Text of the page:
What is cache memory?

We explain the different categories of cache memory and how it differs from RAM


Memory is a key element to computing and there are a number of different types to keep your machine running smoothly. Some are designed for short-term tasks and others are for long-term use, such as storage, but both are equally important in terms of the software and hardware of a computer. 

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While the most obvious function of memory is to store files and information, it is also responsible for many other applications, such as encoding and retrieving data. This is where cache memory is important as it is designed to make a device run more efficiently by working with other components. On its own, it may not be all that useful, but cache memory plays a key role in computing when coupled with other parts. 

Holding recently-accessed data in cache memory helps operations to run faster, rather than software using the same set of instructions in rapid succession to use the data. This makes memory caching a key part of modern computing.

Despite its proximity to the CPU, the larger the capacity of the cache, the more data it can store and subsequently the quicker it operates. It's also worth noting that chips with less capacity are generally slower as they don't store as much data.

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Cache memory can be complicated, however; not only is it different to the standard DRAM that most people are familiar with, but there are also multiple different kinds of cache memory.

There are three different categories, graded in levels: L1, L2 and L3. L1 cache is generally built into the processor chip and is the smallest in size, ranging from 8KB to 64KB. However, it is also the fastest type of memory for the CPU to read. Multi-core CPUs will generally have a separate L1 cache for each core.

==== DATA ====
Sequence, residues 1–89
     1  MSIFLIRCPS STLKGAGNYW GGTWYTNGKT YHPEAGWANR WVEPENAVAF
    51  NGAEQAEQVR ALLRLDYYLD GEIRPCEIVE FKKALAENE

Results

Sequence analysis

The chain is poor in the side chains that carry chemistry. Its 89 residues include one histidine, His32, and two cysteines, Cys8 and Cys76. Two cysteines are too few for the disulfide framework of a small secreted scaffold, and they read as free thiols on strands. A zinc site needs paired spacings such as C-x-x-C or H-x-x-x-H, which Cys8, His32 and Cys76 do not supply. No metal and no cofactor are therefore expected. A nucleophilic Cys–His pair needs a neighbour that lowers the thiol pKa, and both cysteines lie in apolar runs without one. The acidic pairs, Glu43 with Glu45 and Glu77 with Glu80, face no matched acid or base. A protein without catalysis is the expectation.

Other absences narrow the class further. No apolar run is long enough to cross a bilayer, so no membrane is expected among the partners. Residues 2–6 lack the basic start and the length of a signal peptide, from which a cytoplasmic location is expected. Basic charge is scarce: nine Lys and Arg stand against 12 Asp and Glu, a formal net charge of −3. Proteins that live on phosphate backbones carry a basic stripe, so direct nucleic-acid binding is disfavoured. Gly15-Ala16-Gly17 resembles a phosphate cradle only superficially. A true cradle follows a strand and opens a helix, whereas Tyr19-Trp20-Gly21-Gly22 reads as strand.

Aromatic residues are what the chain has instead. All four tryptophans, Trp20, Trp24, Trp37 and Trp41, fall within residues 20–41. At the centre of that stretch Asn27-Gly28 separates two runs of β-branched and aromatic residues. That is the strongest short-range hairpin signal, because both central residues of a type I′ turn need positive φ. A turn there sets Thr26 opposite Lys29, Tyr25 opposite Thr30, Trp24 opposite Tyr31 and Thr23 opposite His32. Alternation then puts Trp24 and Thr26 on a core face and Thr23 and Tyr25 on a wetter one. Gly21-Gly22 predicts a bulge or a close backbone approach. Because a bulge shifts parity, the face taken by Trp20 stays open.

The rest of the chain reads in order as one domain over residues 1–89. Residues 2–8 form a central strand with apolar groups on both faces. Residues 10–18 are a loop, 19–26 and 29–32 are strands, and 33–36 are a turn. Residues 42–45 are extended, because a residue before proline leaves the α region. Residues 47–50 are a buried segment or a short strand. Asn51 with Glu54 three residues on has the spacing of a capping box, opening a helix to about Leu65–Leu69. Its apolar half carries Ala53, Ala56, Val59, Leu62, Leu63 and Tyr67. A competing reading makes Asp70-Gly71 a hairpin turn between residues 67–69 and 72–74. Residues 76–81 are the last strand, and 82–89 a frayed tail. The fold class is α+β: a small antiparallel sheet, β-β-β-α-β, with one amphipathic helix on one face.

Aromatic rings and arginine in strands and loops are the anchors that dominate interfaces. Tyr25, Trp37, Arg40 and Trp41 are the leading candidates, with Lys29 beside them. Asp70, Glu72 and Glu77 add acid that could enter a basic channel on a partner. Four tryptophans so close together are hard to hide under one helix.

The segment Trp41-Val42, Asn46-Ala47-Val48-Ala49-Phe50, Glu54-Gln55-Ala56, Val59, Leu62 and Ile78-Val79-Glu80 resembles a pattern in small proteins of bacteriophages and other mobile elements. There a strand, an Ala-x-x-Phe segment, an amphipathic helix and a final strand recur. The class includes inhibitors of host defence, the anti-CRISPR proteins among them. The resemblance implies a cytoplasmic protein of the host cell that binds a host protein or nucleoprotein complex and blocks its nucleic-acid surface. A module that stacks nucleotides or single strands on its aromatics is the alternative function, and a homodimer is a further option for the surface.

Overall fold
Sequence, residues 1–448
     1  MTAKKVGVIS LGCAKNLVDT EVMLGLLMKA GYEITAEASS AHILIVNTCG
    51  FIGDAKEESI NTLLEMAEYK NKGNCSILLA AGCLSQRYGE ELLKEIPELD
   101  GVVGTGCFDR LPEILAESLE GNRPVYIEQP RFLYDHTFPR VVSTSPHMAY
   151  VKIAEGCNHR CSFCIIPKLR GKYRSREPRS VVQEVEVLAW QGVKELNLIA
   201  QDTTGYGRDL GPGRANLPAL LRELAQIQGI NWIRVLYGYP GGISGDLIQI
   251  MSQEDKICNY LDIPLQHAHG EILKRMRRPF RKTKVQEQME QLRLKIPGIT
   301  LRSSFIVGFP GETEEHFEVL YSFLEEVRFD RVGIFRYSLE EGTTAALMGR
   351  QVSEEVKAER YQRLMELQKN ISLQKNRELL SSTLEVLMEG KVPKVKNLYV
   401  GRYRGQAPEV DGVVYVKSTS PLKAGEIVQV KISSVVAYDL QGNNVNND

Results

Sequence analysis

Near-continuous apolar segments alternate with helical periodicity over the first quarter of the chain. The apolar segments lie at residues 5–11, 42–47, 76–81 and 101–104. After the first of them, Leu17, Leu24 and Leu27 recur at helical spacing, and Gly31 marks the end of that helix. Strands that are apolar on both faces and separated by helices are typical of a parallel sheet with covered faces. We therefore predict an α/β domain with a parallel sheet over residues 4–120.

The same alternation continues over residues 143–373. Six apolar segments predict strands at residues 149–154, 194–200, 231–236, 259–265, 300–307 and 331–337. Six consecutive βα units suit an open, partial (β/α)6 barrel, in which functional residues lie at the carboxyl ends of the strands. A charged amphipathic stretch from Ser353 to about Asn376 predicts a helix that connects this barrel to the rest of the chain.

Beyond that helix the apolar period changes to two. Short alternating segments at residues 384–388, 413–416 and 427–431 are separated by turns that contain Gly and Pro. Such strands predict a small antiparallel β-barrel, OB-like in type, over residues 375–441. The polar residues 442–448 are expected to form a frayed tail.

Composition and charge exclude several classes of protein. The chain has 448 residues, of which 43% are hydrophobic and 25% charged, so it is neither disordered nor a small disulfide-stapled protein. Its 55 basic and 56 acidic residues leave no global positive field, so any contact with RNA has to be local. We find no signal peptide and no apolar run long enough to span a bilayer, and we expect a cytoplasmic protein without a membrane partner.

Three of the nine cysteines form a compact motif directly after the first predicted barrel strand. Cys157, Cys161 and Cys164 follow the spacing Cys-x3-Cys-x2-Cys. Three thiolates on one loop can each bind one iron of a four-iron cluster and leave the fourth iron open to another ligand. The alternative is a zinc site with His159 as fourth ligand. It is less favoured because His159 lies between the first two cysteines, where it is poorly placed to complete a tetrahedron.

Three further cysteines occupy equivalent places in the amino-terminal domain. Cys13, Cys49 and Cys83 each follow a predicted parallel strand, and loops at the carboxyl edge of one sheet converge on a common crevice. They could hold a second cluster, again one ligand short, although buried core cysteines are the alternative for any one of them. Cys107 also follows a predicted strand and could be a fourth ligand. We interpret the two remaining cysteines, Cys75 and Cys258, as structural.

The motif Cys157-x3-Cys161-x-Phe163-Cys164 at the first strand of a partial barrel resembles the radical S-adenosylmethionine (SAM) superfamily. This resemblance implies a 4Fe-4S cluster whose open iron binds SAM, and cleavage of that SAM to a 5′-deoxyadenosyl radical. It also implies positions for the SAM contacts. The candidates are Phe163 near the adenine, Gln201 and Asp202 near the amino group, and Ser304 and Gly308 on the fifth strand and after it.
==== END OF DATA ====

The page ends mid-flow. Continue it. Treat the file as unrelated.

L2 and L3 caches are larger than L1, but take longer to access. L2 cache is occasionally part of the CPU, but often a separate chip between the CPU and the RAM.

Graphics processing chips often have a separate cache memory to the CPU, which ensures that the GPU can still speedily complete complex rendering operations without relying on the relatively high-latency system RAM.

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Cache memory generally tends to operate in a number of different configurations: direct mapping, fully associative mapping and set associative mapping.

Direct mapping features blocks of memory mapped to specific locations within the cache, while fully associative mapping lets any cache location be used to map a block, rather than requiring the location to be pre-set. Set associative mapping acts as a halfway-house between the two, in that every block is mapped to a smaller subset of locations within the cache.

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